It's a bit of a risk for a company perceived as a purveyor of high-end equipment and my guess is that current economic conditions might at least be partly a motivator, although Rev'it denies it.
Value pricing isn't a completely new Rev'it strategy; for example, the 2008 Rev'it Air (review) jacket had a list price of $179.99 when it was introduced and it's still in the product lineup (and it's my jacket of choice for very hot weather).
The trick is to maintain the Rev'it focus on quality and safety for products sold at a price level that could mean slimmer profit margins, and I think they easily succeeded for 2011.
The "Tarmac" label is a Rev'it summer theme this year, with a stunning Tarmac one-piece leather suit; Tarmac summer gloves; the Tarmac Air jacket and the Tarmac USA leather jacket and pants combo.
With a list price of $199.99, the new Tarmac Air mesh jacket now slips in between the existing Rev'it Air jacket (men and women specific versions; list price $189.99) and the new Rev'it Tornado mesh jacket for men and women ($299.99) I'll describe in a minute.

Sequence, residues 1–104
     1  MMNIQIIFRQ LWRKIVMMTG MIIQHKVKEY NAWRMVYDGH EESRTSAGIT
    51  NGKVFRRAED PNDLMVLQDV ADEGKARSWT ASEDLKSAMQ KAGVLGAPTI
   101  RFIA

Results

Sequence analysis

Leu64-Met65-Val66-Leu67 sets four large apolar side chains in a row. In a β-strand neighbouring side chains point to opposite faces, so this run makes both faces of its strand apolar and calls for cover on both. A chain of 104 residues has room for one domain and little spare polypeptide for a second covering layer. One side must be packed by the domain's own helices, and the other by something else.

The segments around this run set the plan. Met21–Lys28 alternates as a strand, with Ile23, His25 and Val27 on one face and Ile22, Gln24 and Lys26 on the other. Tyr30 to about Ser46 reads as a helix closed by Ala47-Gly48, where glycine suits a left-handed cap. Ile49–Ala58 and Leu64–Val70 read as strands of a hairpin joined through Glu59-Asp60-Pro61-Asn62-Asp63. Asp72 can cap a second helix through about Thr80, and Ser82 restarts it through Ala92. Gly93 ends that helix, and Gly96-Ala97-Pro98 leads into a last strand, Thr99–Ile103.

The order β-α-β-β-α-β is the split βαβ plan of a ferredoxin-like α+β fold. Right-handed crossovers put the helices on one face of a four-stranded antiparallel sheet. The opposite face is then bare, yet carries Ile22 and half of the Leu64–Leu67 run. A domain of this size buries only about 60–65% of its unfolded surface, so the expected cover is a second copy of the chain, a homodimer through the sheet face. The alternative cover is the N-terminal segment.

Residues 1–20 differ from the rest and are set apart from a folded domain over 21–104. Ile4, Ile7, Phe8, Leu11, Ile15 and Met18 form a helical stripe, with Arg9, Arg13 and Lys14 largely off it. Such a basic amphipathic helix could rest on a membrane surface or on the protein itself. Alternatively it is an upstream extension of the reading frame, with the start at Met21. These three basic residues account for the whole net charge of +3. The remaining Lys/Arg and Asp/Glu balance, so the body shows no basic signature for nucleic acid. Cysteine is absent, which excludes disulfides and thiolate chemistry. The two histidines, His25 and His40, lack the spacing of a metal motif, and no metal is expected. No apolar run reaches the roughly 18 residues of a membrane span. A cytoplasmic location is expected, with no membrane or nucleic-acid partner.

Rev'it apparently has an inside line on the weather for summer 2011 and they've determined it's going to be a scorcher, because the emphasis throughout the lineup seems to be on providing high levels of air flow with lots of mesh, perforated and vented clothing.
The Tarmac Air jacket has a race fit and is available in all black, black and white and the looker of the lot is a white/red/black color scheme that also seems to be the favored Rev'it palette for summer 2011.
The jacket is made from 600 denier textile and has CE-approved armor in the shoulders and elbows and EVA foam in the back, along with a unique strap that allows it to attach to a pair of jeans. It will be available in sizes ranging from S to XXXL.
The new Rev'it Tornado jacket and pants are one of the major releases from Rev'it for summer 2011 and this outfit should be just the ticket for hot-weather riding.